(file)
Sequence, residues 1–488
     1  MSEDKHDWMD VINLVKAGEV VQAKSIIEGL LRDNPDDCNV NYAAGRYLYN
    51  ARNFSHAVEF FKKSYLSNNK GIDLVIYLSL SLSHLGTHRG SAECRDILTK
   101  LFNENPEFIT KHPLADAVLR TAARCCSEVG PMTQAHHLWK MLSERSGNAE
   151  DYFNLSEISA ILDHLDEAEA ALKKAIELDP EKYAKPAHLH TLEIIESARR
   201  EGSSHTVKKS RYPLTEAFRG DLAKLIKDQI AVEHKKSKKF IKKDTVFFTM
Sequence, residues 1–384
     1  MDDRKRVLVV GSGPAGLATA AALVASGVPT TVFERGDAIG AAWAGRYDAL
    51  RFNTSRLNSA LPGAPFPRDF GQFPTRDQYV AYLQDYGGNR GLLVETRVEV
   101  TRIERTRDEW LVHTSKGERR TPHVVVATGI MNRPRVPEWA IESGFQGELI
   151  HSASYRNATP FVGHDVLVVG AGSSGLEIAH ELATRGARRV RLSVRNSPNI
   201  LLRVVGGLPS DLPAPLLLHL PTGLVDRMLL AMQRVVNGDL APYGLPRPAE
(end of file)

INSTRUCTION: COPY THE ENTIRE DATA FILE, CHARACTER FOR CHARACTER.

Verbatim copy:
Sequence, residues 1–488
     1  MSEDKHDWMD VINLVKAGEV VQAKSIIEGL LRDNPDDCNV NYAAGRYLYN
    51  ARNFSHAVEF FKKSYLSNNK GIDLVIYLSL SLSHLGTHRG SAECRDILTK
   101  LFNENPEFIT KHPLADAVLR TAARCCSEVG PMTQAHHLWK MLSERSGNAE
   151  DYFNLSEISA ILDHLDEAEA ALKKAIELDP EKYAKPAHLH TLEIIESARR
   201  EGSSHTVKKS RYPLTEAFRG DLAKLIKDQI AVEHKKSKKF IKKDTVFFTM
Sequence, residues 1–384
     1  MDDRKRVLVV GSGPAGLATA AALVASGVPT TVFERGDAIG AAWAGRYDAL
    51  RFNTSRLNSA LPGAPFPRDF GQFPTRDQYV AYLQDYGGNR GLLVETRVEV
   101  TRIERTRDEW LVHTSKGERR TPHVVVATGI MNRPRVPEWA IESGFQGELI
   151  HSASYRNATP FVGHDVLVVG AGSSGLEIAH ELATRGARRV RLSVRNSPNI
   201  LLRVVGGLPS DLPAPLLLHL PTGLVDRMLL AMQRVVNGDL APYGLPRPAE